Ending Family Violence: Victoria’s Plan for Change
The Victorian Royal Commission into Family Violence was held during 2015. The Royal Commission handed down its final report on 29 March 2016. The Victorian Government committed to implementing all 227 recommendations.
In November 2016, the Victorian Government released Ending Family Violence: Victoria’s Plan for Change.
The 10-year plan will work towards the following outcomes:
- Family violence and gender inequality are not tolerated.
- Victim survivors, vulnerable children and families, are safe and supported to recover and thrive.
- Perpetrators are held to account, engaged and connected.
- Preventing and responding to family violence is systemic and enduring.
The Northern Integrated Family Violence Services Regional Integration Committee and the NIFVS Coordination Team are involved in regional consultation and implementation of aspects of the plan.
Policy and Legislation
Find below the key policy and legislation relating to family violence work in Victoria.
Key policy documents
- Policing Harm, Upholding the Right: Victoria Police Strategy (2017)
- Ending Family Violence: Victoria’s Plan for Change (2016)
- Royal Commission into Family Violence: Report and recommendations (2016)
- Strong Culture, Strong People, Strong Families: Towards a safer future for Indigenous families and communities (2008)
- Victorian Homelessness Strategy (2020)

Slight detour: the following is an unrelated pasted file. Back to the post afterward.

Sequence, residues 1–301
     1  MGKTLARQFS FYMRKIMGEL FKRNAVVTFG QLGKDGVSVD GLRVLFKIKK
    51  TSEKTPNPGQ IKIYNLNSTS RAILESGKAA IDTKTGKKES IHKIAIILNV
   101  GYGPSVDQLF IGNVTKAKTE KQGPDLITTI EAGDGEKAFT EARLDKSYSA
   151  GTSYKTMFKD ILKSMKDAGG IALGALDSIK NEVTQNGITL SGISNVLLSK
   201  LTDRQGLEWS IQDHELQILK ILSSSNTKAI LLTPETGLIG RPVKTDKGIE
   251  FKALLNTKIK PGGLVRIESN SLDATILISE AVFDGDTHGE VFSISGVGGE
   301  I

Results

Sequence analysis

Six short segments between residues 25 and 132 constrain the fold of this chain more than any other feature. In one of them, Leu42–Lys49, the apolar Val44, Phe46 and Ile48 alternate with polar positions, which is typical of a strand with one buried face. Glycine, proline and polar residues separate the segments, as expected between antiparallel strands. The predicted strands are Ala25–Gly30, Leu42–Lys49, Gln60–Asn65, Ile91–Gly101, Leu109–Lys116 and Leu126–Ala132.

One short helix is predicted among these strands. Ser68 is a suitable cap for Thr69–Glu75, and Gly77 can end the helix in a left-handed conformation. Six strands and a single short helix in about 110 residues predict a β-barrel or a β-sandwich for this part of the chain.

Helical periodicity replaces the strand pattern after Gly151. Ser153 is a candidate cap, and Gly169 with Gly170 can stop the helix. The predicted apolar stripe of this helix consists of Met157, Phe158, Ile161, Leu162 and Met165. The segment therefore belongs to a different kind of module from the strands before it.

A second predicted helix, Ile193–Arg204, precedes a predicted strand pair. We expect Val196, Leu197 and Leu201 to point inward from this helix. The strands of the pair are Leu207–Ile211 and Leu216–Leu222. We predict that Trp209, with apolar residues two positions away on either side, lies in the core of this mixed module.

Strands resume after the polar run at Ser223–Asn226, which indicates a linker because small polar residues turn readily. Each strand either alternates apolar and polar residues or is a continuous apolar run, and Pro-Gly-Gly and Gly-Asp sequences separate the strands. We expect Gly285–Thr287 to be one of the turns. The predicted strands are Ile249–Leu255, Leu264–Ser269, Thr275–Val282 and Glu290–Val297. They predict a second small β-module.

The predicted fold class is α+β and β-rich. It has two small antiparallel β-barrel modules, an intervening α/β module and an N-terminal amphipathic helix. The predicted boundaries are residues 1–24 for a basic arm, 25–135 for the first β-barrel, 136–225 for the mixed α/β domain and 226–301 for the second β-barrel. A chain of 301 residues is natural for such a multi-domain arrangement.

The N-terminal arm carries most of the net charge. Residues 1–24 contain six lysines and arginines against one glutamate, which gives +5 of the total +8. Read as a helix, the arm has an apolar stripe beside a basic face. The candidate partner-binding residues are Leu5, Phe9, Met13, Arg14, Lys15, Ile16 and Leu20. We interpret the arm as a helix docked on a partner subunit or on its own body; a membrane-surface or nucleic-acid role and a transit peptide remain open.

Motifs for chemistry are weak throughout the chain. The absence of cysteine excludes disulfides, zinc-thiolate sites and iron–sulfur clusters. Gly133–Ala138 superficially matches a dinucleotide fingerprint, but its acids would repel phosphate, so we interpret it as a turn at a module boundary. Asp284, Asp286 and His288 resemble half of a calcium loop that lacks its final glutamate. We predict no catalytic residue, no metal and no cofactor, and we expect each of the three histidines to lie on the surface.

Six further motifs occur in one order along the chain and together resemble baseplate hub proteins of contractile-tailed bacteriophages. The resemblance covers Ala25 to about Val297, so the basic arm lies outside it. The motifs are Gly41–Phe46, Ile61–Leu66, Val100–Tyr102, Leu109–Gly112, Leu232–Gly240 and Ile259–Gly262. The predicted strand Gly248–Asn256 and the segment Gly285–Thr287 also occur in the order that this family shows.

- National Plan to Reduce Violence Against Women and their Children 2010-2022 (2010)
Family Violence Protection Act (2008)
History of family violence reform
In 2004, VicHealth identified the prevention of violence against women as a health priority for Victoria. Their research showed that intimate partner violence was the highest contributor to preventable death, disability and illness in Victorian women aged 15-44 years.
The Statewide Steering Committee to Reduce Family Violence’s 2005 report, Reforming the Family Violence System in Victoria, provided advice to government about directions for family violence system reform. Prior to the reform process, family violence was addressed through networks of community agencies and refuges. While individual agencies and workers were highly dedicated, with a great deal of experience, the overall response was often fragmented and inconsistent.
The reforms involved a range of new policies, programs, legislation and operational codes, including:
The Family Violence Protection Act (2008), including a consistent and comprehensive definition of family violence
The Victoria Police Code of Practice for the Investigation of Family Violence (2014)
A Family Violence Risk Assessment and Risk Management Framework, also known as the Common Risk Assessment Framework, or CRAF
Sector reform also involved the creation of regional partnerships, including NIFVS, to drive and monitor integration.